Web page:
I've followed my family legacy in being a Legionnaire. My grandfather, Boyd W. Stone, Sr. was a veteran of WW I (2nd Div.) and WW II (2nd Military Railway Service in the ETO) and was Commander of Terminal Railroad Post 85 in St. Louis, Mo in 1938. My Dad, Boyd W. Stone, Jr (5th Army Airforce, Pacific) was a veteran of WW II and Korea and held many offices with Thoman Boothe Post 338 in Overland, MO. I, Donald R. Stone, served during the Vietnam era and am a Past Commander of New Berlin, WI Post 488, and Historian for District 1 of the Wisconsin American Legion Riders.
My Dad, Ross Charles Tench married my Mom (Margaret) in 1938 and had a beautiful baby girl on their anniversary in 1939. Another baby girl followed and then a boy. World War II had started and Dad first worked for the government at a Blimp Base in Elizabeth City, NC followed by a stint at the Naval Yards in Brunswick. Ga. By the time 1943 rolled around Dad enlisted in the US Navy and served onboard the USS Providence CLG-6 until the war ended in 1945. Four more kids would follow, another girl and three more boys.
The rich heritage shared by the Isenberg family members, who are humble offspring of generations of Patriots, includes being direct descendants of “Sir Robert the Bruse”, the last King of Scotland and having relatives who traveled to America on the Mayflower. “Our family has a tradition of military service, said LTC (RET) Robert W. Isenberg. “Family members have served in every war since the French and Indian War in the 1750s to present day”. From the Bruce line we have 15 Revolution War ancestors. Our dad, LTC (RET) George W.
Dear American Legion,
My name is Joe Rubio and I’m writing in response to your notice in April’s magazine reference shared feelings of people who have proudly served in the U.S. Military. I’m writing about my family; The Rubio’s from San Bernardino, California. I’m only sorry that I didn’t do this year’s ago when our mother and father were still with us.
The attached photo is sent only to show how some of us continued to “serve,” after the hitches.
Our mom and dad had 14 kids; two girls and 12 boys. Of the 12 boys, “NINE” served in the U.S. Military.
I am a proud member of Post 107 in Soddy-Daisy, Tenn. I wake up thankful every day for the generations before me who served this country and kept us safe. My grandfather, Richard Paige, served in the Navy during the Korean War and has been a member of The American Legion ever since. My younger brother, Scott, is a Sergeant (11B) in the Army currently on his second deployment to Afghanistan with the 173rd Infantry. Scott exemplifies what it means to be from the Volunteer State, and is a member of Post 107 too.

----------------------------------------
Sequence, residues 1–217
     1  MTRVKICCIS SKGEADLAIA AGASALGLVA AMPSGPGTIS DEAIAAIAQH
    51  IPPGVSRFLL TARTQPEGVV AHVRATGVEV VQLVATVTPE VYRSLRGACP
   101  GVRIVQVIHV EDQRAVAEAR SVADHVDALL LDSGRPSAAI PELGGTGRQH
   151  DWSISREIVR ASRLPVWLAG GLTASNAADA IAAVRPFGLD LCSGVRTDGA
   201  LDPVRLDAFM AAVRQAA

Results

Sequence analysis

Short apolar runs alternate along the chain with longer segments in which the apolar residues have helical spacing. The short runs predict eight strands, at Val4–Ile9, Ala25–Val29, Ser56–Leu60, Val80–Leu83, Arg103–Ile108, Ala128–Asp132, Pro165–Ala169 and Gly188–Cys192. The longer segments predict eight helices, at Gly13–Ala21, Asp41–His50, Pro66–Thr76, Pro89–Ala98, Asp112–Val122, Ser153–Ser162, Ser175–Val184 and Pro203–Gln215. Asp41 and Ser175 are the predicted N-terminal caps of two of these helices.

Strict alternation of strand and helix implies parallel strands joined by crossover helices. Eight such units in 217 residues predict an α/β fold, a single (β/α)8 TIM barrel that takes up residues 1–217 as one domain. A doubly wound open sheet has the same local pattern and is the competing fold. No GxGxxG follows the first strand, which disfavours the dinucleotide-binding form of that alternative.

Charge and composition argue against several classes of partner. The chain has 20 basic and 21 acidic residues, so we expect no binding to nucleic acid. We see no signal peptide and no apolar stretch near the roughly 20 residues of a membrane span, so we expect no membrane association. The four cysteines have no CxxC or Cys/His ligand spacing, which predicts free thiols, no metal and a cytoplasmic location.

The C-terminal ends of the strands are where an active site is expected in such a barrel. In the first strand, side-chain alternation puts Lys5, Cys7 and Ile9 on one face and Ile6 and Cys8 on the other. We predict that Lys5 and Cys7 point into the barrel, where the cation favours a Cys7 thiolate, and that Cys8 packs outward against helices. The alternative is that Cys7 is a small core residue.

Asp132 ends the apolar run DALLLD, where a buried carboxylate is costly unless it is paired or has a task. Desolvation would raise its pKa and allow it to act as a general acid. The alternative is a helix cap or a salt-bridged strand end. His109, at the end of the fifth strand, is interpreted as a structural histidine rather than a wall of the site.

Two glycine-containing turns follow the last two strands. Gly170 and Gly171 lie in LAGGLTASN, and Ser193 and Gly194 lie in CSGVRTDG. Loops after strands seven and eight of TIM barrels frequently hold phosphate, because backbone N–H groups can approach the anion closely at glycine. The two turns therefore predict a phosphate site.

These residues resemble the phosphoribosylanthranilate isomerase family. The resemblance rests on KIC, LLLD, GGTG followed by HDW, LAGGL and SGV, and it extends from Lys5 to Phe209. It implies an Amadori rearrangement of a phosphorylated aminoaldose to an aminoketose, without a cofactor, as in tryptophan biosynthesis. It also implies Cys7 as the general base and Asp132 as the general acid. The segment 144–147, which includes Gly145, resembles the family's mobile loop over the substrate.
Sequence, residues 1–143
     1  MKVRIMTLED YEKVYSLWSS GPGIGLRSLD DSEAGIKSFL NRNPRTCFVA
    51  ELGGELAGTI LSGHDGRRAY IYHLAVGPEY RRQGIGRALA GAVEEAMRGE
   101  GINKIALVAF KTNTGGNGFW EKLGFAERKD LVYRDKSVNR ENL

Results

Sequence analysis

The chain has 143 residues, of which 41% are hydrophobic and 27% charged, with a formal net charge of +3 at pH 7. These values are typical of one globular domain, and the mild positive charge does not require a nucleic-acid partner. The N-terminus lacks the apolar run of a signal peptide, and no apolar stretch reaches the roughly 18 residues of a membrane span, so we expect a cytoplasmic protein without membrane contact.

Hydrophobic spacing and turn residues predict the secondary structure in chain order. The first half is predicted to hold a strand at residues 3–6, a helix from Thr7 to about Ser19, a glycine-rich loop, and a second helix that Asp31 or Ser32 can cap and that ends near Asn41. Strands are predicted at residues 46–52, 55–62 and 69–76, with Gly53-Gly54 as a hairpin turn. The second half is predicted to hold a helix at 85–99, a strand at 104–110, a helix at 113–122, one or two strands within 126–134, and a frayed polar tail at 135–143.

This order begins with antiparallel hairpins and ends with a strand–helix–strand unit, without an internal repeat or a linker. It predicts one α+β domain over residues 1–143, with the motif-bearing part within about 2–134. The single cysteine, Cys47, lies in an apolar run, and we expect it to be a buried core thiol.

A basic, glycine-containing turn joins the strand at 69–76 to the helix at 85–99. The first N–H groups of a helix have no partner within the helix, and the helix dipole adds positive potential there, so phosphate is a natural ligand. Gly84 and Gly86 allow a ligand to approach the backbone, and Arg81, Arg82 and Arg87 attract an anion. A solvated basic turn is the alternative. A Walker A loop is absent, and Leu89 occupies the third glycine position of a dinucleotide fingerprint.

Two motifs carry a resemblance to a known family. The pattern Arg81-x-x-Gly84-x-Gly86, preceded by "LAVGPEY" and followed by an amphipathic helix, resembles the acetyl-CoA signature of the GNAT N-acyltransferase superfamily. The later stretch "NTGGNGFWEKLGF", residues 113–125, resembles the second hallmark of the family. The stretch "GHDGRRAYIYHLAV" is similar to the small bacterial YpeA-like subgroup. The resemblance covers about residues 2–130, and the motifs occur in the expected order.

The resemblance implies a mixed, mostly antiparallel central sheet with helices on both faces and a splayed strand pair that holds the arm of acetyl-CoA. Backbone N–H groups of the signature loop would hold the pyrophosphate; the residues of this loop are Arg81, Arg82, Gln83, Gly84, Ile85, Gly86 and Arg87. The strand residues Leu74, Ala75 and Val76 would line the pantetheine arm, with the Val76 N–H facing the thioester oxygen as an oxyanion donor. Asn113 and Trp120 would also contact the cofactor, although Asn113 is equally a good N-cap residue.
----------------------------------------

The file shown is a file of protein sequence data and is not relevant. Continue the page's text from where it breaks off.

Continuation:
I am a 59-year member of The American Legion. My dad was a World War I wounded veteran, and very proud to be a Legionnaire. He was a past commander of Connor-Trafton Post 119 in Guilford, Maine, as well as a a 20-year service officer, 17-year officer of the day for Memorial Day, and a past state sergeant-at-arms. I started my own Legion history as a member of the Sons, and as a bugler with a bugle-and-drum corps at 11. We were state champions in 1940, by default – we were the only corps to march on a rainy and muddy field. I joined the Legion in 1951, along with my two brothers.
John Brochetti came back from his service in the 1940s to help establish Cosgrove Post 523 in Rural Valley, Pa.
John – or “Spy,” as most know him – worked in the mines, yet always found time for the post. He started the baseball program and received all the equipment on credit – unheard of at the time. Each year, Spy would lead the Memorial Day parade from the Legion post to St. Mary’s Cemetery, where he helped the local schoolchildren put flags on all the veterans’ graves. Last September, he and his wife, Liz, helped dedicate the Shannock Valley War Memorial.
We are a multigenerational military family with many years spent serving veterans through The American Legion and the American Legion Auxiliary. My grandfather, C.E. Harkness, was too young to fight in World War I, and lied about his age to serve our country and was sent to France. My dad, Charles F. Goodwin, who has been instrumental in keeping Heinline-Hanks Post 38 active, has 61 years of continuous membership since he served World War II. While growing up, my sister and I sold poppies and helped with bake sales to benefit veterans homes.
My family is very active at Frank P. Dorris Post 145 in Douglasville, Ga. My father, Robert Budahazy, is a retired Vietnam Air Force veteran. He is senior vice commander of the post, and our main bingo caller. My brother, John, is retired Navy, a Legionnaire and a member of the Legion Riders. I myself am an Army veteran, executive-board officer and Saturday-night bingo caller. My son, Joshua, is an Iraq Marine Corps veteran and active at the post. My mother, Verna, has been active in the Auxiliary for many years and has served in various positions.